Letting the kids look after themselves

Well….kind of.  I’m not exactly suggesting that my 5 year old nips out to the shops for milk, or that my 2 year old runs his own bath or anything. But most kids can probably do more than we give them credit for.

My (almost) 2 year old has started fetching his shoes and bringing them to me when he knows we’re off out. I’m chuffed to bits about this – not only because it demonstrates how well his understanding is evolving, but also because I know that I helped make that possible for him.

Here’s how.

We have a ‘shoe cupboard’ of sorts. Well, it’s more like a shoe ‘hole’ in the wall. It is literally STUFFED with shoes. The front is open and it looks really messy (because we aren’t shutting it away behind cupboard doors, and because they’re all thrown in haphazardly). The kids know that’s where the shoes go. They’re not ordered or neatly put together, so as long as they take their shoes off and throw them in there – the job is done.

This all makes it wonderfully easy for my toddler to see where his shoes are, get hold of them, and then return them when finished.

The shoes are nice and low down (reachable), and it is obvious where they belong.

He gets the sense of independence, and pride at being able to participate in getting ready, and I have one less (tiny) task to do myself. Win Win.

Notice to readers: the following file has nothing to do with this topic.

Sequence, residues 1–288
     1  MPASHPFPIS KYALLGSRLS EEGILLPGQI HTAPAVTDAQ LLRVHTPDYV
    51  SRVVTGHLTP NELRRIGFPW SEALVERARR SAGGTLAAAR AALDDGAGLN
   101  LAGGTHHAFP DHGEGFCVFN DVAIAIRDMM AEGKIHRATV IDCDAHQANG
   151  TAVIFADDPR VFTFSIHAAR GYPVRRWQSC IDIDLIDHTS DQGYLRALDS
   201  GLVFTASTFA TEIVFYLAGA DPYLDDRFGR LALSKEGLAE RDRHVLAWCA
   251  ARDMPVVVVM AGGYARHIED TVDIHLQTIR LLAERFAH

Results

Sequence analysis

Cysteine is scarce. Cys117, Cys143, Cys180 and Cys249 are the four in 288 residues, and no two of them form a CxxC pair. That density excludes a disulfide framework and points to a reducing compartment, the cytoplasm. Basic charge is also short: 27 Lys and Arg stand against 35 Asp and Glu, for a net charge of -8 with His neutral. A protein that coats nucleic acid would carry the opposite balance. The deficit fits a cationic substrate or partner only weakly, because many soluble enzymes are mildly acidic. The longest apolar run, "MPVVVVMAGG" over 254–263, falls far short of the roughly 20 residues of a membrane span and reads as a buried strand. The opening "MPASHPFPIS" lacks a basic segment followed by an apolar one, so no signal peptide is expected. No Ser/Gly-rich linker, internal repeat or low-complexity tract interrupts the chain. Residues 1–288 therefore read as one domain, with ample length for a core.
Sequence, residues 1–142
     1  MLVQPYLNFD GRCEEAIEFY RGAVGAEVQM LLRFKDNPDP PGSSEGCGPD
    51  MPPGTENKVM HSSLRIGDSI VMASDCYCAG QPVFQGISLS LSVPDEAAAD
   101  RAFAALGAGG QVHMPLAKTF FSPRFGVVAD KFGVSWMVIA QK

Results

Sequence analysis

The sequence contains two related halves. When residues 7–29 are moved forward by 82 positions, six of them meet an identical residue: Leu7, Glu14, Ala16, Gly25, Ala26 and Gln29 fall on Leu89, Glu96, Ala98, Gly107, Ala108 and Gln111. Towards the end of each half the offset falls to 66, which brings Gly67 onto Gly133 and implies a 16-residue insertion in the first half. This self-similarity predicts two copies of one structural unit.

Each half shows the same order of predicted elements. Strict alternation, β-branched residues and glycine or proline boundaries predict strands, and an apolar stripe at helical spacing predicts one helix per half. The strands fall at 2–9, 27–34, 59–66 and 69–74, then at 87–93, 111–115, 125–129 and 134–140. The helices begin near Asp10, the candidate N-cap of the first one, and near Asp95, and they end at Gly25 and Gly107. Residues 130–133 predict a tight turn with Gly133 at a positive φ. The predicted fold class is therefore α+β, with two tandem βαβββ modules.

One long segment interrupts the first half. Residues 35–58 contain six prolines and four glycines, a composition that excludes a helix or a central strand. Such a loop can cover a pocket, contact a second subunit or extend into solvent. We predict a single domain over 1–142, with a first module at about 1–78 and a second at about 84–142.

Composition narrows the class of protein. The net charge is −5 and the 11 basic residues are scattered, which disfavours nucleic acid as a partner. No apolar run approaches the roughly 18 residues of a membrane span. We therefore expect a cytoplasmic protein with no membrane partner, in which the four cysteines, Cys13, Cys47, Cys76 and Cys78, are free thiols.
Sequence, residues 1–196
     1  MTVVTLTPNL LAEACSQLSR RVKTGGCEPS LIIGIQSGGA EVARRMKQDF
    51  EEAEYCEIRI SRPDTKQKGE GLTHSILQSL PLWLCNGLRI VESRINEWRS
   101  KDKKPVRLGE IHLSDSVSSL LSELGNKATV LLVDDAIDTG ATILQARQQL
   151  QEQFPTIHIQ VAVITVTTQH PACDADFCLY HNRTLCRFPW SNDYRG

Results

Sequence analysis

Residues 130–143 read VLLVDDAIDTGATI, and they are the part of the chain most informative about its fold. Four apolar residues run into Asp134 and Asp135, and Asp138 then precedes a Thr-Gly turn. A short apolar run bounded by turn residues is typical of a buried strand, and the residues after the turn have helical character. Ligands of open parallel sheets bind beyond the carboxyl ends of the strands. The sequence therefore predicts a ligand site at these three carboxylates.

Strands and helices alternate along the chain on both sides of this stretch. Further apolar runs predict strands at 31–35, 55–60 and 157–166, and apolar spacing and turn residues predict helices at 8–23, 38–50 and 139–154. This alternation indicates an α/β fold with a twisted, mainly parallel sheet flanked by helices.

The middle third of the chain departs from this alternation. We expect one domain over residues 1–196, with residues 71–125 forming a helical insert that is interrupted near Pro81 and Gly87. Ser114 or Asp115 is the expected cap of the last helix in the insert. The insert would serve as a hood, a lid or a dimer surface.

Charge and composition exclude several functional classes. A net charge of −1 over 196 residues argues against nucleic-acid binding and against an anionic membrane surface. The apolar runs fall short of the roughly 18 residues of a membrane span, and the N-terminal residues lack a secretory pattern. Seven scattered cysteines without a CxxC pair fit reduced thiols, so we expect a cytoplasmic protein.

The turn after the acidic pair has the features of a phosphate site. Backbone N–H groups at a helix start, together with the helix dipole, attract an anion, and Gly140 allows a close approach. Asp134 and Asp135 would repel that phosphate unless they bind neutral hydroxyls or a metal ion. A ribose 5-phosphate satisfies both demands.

We have a similar strategy with the kids coats. We have an ‘adult’ row of pegs, and a ‘child’ row of pegs. The child row of pegs is low enough for both kids to reach, and it is glaringly obvious near the front door. ‘Hang your coat up, put your shoes away’. No excuses, because we have adapted the environment to facilitate independence.

So I’ve been thinking….. There’s 3 strategies that I can think of to support my children in gaining independence in the home:

LOWER – put the things that the kids need, at the right height for them to reach. For example, if I want my 5 year old to start laying the table each day, I need to keep placemats and cutlery somewhere that he can get hold of them himself. Without my help.

RAISE – we have quite a few foot stools dotted around the house. This way, either of the kids can grab one and move it so they can access the sink, or the kitchen sideboard, or the books on the shelf. Without my help.

MAKE IT OBVIOUS – the shoe ‘hole’, the ‘child’ row of pegs, pictures on drawers (for those who can’t yet read). We can help enable independence by keeping things available, accessible and visible for our kids.

 

5 Reasons kids should be walking to school

Unfortunately my son’s (our chosen) school is too far away for us to walk there.

I’ve given us a week to get accustomed to the early morning routine, and now, i plan to drive some of the way and make us walk the rest (perhaps a mile or so). And here’s why:

  1. Daylight. Do i really need to explain why this is a good thing? Exposing our kids to daylight helps us synchronise important biorhythms, it is critical for promoting alertness, it raises our mood, and helps us to produce vitamin D.